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Unformatted text preview: ► Pain may radiate to the jaw, neck, arms, back, and epigastrium. The left arm is affected more frequently; however, a patient may experience pain in both arms. ► Dyspnea, which may accompany chest pain or occur as an isolated complaint, indicates poor ventricular compliance in the setting of acute ischemia. ► Dyspnea may be the patient's anginal equivalent, and in an elderly person or the diabetic patient, it may be the only complaint. Elderly patients and those with diabetes may have particularly subtle presentations and may complain of fatigue, syncope, or weakness. The elderly may also present with only altered mental status. Those with preexisting altered mental status or dementia may have no recollection of recent symptoms and may have no complaints whatsoever. ► Nausea and/or abdominal pain often are present in infarcts involving the inferior or posterior wall.
► Lightheadedness with or without syncope
► Nausea with or without vomiting
► Wheezing As many as half of MIs are clinically silent in that they do not cause the classic symptoms and go unrecognized by the patient. There should be a high index of suspicion for MI especially when evaluating women, diabetics, older patients, patients with dementia, and those with a history of heart failure. ► Causes: The most frequent cause of MI is rupture of an atherosclerotic plaque within a coronary artery with subsequent arterial spasm and thrombus formation. Other causes include the following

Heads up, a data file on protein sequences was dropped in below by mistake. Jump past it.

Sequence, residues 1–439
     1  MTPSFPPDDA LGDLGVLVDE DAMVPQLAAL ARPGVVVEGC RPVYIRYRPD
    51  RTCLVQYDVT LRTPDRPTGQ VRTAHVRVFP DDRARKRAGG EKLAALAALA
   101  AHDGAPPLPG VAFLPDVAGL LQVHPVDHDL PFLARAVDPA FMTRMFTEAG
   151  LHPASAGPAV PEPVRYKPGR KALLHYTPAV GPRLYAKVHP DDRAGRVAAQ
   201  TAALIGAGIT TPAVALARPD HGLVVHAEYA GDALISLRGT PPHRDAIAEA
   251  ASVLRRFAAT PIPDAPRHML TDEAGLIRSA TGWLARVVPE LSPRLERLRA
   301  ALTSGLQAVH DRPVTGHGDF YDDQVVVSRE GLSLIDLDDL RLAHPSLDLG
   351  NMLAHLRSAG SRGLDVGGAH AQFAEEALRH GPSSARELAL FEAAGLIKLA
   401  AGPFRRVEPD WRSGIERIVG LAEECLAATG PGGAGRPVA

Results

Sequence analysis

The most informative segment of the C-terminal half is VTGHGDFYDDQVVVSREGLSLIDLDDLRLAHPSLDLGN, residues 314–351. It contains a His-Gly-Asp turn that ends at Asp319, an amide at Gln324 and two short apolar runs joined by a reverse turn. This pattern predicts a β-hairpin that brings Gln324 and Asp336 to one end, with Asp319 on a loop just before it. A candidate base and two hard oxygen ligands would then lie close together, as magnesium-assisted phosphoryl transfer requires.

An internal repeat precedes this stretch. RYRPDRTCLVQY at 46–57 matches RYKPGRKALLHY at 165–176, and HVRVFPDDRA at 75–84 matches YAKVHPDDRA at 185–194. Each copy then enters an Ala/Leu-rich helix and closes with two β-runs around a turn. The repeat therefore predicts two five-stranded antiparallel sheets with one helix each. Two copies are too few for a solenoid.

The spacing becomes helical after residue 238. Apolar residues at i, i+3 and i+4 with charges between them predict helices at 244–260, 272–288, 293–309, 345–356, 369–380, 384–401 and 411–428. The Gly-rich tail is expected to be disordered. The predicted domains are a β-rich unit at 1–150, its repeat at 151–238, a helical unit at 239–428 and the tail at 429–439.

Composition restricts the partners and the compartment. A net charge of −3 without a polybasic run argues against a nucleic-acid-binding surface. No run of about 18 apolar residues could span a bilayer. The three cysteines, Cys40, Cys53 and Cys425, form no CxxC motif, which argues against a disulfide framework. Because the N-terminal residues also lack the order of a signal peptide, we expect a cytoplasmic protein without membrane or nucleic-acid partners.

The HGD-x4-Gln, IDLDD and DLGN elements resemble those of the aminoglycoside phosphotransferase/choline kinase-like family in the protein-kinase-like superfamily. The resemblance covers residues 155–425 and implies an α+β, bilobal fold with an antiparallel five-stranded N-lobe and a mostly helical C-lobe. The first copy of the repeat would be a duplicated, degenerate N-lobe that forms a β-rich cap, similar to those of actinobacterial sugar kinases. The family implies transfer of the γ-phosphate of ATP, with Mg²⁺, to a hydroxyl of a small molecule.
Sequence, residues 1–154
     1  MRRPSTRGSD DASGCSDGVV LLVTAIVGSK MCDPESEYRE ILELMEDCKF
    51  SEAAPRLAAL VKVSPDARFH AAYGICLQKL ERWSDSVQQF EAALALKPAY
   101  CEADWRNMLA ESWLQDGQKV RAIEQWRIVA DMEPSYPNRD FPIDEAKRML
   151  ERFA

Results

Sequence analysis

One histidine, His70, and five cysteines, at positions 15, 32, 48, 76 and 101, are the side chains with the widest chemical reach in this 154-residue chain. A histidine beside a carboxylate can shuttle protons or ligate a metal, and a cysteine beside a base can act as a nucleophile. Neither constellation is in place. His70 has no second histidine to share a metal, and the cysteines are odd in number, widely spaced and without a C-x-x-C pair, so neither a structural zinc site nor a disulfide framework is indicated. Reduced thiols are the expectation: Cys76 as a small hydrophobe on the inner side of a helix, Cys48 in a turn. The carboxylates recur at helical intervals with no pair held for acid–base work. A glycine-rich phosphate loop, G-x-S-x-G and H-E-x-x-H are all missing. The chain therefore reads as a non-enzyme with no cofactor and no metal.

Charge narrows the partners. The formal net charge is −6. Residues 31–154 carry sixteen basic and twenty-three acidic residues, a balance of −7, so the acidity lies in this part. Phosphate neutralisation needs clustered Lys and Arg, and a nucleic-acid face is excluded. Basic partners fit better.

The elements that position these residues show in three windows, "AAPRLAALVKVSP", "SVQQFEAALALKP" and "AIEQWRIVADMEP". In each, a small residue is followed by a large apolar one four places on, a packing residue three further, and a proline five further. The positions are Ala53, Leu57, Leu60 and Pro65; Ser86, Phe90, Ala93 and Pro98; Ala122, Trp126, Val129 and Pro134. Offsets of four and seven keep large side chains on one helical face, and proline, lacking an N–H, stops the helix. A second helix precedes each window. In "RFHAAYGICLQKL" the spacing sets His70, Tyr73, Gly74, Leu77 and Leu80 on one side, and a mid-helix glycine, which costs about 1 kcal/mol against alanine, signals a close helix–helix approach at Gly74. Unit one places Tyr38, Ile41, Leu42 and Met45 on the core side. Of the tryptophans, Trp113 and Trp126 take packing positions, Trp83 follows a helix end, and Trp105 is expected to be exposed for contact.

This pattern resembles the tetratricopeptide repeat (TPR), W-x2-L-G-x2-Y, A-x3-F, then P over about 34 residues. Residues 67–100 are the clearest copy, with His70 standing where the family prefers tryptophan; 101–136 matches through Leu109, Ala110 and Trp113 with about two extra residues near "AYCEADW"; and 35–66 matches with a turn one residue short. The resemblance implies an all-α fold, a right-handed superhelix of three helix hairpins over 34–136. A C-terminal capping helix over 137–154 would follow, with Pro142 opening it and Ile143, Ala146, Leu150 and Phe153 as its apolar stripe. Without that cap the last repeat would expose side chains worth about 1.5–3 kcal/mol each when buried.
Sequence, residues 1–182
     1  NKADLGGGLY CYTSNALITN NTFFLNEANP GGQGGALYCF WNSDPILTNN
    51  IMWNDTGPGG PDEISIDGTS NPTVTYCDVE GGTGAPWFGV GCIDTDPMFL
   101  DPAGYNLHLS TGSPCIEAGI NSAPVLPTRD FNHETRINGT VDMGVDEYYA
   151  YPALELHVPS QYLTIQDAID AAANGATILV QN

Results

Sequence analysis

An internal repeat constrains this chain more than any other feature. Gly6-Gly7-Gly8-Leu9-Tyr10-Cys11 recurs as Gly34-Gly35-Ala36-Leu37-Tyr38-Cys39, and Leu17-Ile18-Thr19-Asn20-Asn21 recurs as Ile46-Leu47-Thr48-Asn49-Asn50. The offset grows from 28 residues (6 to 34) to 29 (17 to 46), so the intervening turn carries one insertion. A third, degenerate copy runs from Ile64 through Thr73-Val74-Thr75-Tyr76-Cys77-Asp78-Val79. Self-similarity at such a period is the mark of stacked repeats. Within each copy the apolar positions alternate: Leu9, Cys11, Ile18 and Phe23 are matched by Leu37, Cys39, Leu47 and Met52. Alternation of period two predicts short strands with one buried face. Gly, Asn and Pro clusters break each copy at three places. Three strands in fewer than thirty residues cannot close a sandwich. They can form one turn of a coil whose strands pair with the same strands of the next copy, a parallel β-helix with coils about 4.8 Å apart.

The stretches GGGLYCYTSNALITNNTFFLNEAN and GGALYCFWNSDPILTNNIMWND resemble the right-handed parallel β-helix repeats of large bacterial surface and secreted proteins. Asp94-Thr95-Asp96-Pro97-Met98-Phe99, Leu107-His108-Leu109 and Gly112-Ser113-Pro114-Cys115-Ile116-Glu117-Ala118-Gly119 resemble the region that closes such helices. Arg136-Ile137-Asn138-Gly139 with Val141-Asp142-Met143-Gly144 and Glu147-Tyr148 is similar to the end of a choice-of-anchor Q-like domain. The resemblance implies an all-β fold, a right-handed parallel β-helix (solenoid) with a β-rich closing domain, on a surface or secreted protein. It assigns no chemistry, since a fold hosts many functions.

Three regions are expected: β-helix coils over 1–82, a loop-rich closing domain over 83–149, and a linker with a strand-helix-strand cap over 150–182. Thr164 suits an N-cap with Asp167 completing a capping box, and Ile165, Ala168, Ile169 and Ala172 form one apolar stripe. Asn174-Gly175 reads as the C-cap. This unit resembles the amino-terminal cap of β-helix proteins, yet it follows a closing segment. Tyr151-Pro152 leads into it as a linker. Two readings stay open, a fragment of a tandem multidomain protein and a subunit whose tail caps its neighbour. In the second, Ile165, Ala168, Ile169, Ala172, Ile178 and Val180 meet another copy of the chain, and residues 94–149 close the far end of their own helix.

Other causes include the following
► Coronary artery vasospasm ► Ventricular hypertrophy (e.g., left ventricular hypertrophy [LVH], idiopathic hypertrophic subaortic stenosis [IHSS], underlying valve disease)
► Hypoxia due to carbon monoxide poisoning or acute pulmonary disorders (Infarcts due to pulmonary disease usually occur when demand on the myocardium dramatically increases relative to the available blood supply.) Other causes include the following
Other causes include th...
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This document was uploaded on 03/22/2014.
- Spring '14